The report also raises equity concerns, since inexperienced teachers tend to be highly concentrated in underserved schools serving high-need students. Correcting this problem is a goal of the federal Every Student Succeeds Act (ESSA), which requires districts and states to monitor and address teacher equity gaps, including the distribution of effective and experienced teachers.

The findings aren’t surprising to Wisconsin educators, who see the impacts of the revolving door of teaching in our state. The findings are also supported by other research, including the following:

Do supportive professional environments promote teacher development? (PDF)
New Studies Find That, for Teachers, Experience Really Does Matter (Web)

Taken together, there are quite a few policy implications regarding teacher professionalism, working conditions, teacher retention, and teacher professional development. Specifically, the research makes the case that policymakers should support policies and investments that advance the ongoing development and professional growth of an experienced teaching workforce, and increase the retention of experienced and effective teachers.

Visit WEAC’s Professional Resources Page for at-your-fingertips support to build the teaching professions.

WEAC partners with the Great Lakes Center to share and provide timely, academically sound reports and briefs on selected education-related practices, policies and publications. WEAC President Betsy Kippers sits on the Great Lakes Board of Directors and passes along this report from the Learning Policy Institute on teaching experience and teacher effectiveness.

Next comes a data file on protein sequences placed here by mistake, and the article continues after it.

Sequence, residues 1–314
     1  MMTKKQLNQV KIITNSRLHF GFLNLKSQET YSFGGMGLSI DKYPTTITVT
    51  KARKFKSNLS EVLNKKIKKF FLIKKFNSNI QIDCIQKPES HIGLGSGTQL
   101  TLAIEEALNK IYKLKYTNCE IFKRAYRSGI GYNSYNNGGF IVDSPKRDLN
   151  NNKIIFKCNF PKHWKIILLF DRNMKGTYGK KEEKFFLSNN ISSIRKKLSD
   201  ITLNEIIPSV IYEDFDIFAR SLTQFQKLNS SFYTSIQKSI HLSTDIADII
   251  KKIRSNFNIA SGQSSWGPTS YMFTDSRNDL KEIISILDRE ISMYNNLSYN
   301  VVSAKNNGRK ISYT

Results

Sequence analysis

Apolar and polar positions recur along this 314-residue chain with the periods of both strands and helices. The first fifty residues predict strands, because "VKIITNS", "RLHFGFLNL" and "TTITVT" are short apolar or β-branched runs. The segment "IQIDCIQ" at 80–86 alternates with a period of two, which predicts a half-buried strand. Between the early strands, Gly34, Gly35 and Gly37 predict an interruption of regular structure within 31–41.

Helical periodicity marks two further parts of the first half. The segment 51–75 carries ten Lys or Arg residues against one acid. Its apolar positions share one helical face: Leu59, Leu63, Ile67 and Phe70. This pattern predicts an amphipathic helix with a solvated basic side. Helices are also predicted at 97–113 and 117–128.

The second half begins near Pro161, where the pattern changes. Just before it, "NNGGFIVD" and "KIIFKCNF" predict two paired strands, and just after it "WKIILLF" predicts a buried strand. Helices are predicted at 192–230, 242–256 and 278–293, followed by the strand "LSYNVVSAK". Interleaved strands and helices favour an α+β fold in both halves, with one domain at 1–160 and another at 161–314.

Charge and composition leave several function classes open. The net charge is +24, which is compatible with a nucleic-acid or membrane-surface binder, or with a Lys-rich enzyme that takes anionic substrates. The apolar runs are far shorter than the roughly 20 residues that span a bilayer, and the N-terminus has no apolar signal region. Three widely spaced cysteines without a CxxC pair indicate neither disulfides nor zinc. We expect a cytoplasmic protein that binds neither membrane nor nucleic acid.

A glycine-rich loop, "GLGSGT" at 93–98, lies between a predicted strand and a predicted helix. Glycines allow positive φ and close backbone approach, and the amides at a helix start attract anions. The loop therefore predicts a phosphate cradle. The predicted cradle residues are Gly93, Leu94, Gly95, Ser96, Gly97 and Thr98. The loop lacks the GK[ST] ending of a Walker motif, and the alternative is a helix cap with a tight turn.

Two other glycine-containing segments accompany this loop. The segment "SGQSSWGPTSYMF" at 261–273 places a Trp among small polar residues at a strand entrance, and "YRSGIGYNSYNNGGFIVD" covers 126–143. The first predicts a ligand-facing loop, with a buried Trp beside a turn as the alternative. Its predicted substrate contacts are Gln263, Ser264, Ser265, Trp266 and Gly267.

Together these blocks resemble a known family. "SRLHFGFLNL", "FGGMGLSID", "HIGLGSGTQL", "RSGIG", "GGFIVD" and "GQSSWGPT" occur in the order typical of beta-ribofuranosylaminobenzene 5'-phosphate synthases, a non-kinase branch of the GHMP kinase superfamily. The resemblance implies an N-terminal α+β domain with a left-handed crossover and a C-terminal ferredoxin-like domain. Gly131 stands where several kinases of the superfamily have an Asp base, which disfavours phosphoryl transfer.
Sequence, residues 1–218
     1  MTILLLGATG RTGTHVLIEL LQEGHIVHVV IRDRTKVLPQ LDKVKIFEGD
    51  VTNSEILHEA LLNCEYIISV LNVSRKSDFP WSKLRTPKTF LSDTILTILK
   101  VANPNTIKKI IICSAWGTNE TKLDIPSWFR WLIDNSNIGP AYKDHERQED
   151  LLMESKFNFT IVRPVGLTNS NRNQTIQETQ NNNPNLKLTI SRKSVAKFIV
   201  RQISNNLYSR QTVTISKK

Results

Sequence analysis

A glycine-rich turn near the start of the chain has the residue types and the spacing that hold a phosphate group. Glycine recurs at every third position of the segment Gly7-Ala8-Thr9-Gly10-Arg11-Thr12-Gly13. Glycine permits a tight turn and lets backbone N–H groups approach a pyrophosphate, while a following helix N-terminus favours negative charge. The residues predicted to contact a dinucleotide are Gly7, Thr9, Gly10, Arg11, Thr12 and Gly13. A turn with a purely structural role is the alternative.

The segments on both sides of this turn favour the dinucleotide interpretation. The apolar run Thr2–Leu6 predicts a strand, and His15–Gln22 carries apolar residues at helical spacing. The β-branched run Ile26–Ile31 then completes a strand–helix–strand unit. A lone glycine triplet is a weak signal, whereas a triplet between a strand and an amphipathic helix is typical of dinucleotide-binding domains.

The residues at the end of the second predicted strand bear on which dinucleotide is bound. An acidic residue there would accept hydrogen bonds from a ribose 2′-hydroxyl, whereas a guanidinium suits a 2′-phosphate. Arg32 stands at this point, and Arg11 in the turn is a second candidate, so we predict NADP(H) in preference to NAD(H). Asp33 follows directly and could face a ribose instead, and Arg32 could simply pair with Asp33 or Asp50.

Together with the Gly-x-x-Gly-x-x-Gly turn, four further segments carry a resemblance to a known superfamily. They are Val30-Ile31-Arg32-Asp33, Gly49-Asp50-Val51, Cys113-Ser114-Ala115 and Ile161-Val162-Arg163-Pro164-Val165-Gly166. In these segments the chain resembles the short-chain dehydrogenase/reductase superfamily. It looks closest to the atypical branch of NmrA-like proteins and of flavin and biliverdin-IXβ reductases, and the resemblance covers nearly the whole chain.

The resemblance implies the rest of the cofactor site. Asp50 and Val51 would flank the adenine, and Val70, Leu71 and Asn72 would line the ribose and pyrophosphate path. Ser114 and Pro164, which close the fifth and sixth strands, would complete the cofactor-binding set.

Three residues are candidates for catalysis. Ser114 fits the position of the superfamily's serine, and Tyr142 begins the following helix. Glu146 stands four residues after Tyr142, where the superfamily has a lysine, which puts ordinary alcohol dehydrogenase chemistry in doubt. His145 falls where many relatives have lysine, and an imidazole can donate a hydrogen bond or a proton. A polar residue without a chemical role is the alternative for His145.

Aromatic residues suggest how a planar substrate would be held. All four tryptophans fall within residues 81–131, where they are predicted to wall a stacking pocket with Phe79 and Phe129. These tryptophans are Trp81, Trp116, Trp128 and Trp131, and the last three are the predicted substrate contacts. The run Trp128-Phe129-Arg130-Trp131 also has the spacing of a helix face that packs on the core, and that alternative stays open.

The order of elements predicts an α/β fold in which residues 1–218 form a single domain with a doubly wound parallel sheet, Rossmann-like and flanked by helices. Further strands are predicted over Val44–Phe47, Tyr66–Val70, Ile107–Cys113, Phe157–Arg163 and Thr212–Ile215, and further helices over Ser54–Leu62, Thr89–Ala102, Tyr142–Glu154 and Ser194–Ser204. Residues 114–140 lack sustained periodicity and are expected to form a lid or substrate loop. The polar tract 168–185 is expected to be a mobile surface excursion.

Harvard grad’s commencement speech lauds education, lifts spirits and goes viral

Donovan Livingston, a master’s of education graduate at Harvard University, used spoken-word poetry to express his passion for teaching and learning in this powerful commencement address at Harvard.

WEAC President-Elect Ron Martin said, “Wow! I loved Donovan’s speech and I was definitely moved to tears by his speech. If you haven’t watched it yet, you need to!”

Livingston concluded by expressing his passion for unleashing students’ potential through education:

“At the core, none of us were meant to be common.
We were born to be comets,
Darting across space and time —
Leaving our mark as we crash into everything.
A crater is a reminder that something amazing happened here —
An indelible impact that shook up the world.
Are we not astronomers — looking for the next shooting star?
I teach in hopes of turning content, into rocket ships —
Tribulations into telescopes,
So a child can see their potential from right where they stand.

“Education is no equalizer —
Rather, it is the sleep that precedes the American Dream.
So wake up — wake up! Lift your voices
Until you’ve patched every hole in a child’s broken sky.
Wake up every child so they know of their celestial potential.
I’ve been a Black hole in the classroom for far too long;
Absorbing everything, without allowing my light escape.
But those days are done. I belong among the stars.
And so do you. And so do they.